Mailing lists: worth their weight in gold

Apr 30, 2008

TO KEEP your business going and growing, you need to look outside your own customers and clients for more prospects or potential buyers from time to time. In these circumstances it is common practice to acquire mailing lists of potential buyers.

The right mailing list can be worth a small fortune if it puts your message into the hands, the eyes and the minds of enough of the right prospects for your product, service or expertise.

The wrong mailing list is a recipe for spending a fortune in the blink of an eye and receiving little or nothing back.

The mailing list is still the single most important factor in the success or otherwise of your direct mail campaigns. A lot of people think that buying a mailing list is simply a matter of buying a list of x-thousand names, then mailing them in the hope that enough will respond to make the exercise worthwhile. The chance of that working is minimal at best, yet that’s how most business approach the exercise.

Your prime objective when sourcing lists should be to find the one list that will garner more customers than any other. But, with thousands of lists to choose from, it’s not easy.

You need to start by understanding your ideal customer or client in as much detail as possible. The more precisely you can identify their characteristics, the better your chances of finding the right list and the more easily you will reach your prime prospects.
Start by working out what your ideal customers have in common.

What magazines or newspapers do they read? What organisations or associations do they belong to? What do they participate in? What do they listen to? What do they watch ? What else do they like to do? What else could interest them?

What are their career needs? What is their level of education? What is their turnover level? What are the common factors in their lifestyles? Where are they located?

If your ideal clients share similar characteristics, there’s a good chance that other people who share the same qualities will also be good prospects.

Go through a free association and brainstorming exercise to discover the common factors. It may be necessary to carry out a customer survey. If you do – and I would recommend it – explain that you’re trying to improve your product or service and would like to know more about your buyers so that you can serve them better.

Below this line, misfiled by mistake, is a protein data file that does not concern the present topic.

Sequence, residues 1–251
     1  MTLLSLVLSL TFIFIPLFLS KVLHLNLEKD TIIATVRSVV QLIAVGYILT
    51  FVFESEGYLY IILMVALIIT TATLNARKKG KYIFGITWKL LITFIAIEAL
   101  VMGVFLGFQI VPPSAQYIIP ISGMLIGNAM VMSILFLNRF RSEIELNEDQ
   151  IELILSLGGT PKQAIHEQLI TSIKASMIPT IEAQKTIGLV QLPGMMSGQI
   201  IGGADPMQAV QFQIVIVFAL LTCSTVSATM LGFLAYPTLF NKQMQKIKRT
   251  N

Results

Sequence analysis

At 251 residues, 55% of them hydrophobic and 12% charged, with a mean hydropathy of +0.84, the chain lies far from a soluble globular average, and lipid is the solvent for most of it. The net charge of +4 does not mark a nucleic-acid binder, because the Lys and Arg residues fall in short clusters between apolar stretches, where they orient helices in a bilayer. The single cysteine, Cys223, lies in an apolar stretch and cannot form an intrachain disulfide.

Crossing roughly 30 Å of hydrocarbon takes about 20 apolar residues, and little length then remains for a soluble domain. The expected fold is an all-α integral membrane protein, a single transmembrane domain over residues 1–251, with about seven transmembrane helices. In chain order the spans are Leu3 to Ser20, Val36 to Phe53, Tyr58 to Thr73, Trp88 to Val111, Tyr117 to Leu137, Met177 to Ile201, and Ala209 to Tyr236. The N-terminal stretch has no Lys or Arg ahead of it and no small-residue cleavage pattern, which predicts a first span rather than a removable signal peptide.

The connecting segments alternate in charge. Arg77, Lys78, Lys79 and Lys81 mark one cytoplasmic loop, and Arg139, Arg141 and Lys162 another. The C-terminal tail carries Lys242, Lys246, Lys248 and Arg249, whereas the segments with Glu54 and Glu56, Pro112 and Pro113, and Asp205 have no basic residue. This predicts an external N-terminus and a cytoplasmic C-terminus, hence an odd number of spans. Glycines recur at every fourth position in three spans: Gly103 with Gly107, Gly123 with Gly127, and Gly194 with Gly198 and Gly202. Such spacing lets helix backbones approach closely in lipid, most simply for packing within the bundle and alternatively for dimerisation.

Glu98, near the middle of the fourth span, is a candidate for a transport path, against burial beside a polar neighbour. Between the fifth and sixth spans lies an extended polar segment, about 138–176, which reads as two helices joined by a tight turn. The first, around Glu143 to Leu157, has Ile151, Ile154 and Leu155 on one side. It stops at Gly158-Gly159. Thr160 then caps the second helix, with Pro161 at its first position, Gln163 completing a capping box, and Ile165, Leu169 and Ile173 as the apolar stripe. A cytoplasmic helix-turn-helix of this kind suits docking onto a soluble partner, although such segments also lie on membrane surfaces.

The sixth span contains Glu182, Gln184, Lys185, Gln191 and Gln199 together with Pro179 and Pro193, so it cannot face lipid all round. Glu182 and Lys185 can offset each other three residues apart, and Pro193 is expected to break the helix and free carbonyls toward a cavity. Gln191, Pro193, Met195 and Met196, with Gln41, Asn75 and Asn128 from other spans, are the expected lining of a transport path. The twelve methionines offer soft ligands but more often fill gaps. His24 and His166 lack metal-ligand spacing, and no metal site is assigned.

With this information, you can create a profile of your ideal client and you can start searching for lists that fit your profile.

Besides your own list, there are two main types of mailing lists available: Compiled lists and direct response lists.

Compiled lists can be derived from sources such as business and trade association memberships; car registrations; electoral register; newspaper and magazine subscribers; promotion respondents; public records; requests for information; seminar, conference, exhibition or trade show attendees.

Direct response lists are derived from those who have previously purchased certain products or services: the in-house customer lists of other companies. Everyone on these lists will have a proven history of responding to direct mail, advertising, catalogues or offers. As such, direct response lists will normally perform much better.

Compiled lists are good for gathering large quantities of names and are less expensive than direct response lists. But compiled information also ages quickly and response rates are usually much lower.

Because you will be mailing to large numbers of people who have no proven history of being responsive, there is massive wastage because you still have to spend considerable sums on writing to, handling and mailing large numbers of people who are unlikely ever to respond.

Although more expensive, there is much less wastage with direct response lists and people who have a track record of buying products or services like yours are the most likely to make such a purchase again. You will always be better off using a direct response list so long as you can identify one or more that have proved to be responsive to the type of offer you will be making.

You can research list availability at business libraries using directories like ‘List and Data Sources’. You can then obtain those lists direct from the organisation that generated the list, or from their list managers, or from specialist list brokers.

You don’t pay list brokers for their services because they’re paid a commission by the list owner. Good list brokers can still be worth their weight in gold because they know where to find lists to meet your criteria, including many otherwise hard to track down. They will also negotiate with the list owner or manager, manage the transaction and oversee the whole operation.

You normally rent lists, you don’t buy them. Most lists can be rented for single use. Annual unlimited-use rentals are also available and you can also sometimes negotiate alternative terms.

A good list broker can help you with such negotiations as well as help you make effective choices.

A good broker should be an experienced marketer who knows and understands your industry; they should know what your competitors are mailing and what is or isn’t working; they should be well connected in the list management community; they should be able to find out who has used any given list and what results were achieved.

Ask other direct marketers which list brokers they would use. Contact the Direct Marketing Association for further recommendations.

Once you have briefed each broker on your products and services, your target client groups and the outcomes you’re seeking, ask them to submit proposals on what lists they would recommend and why.

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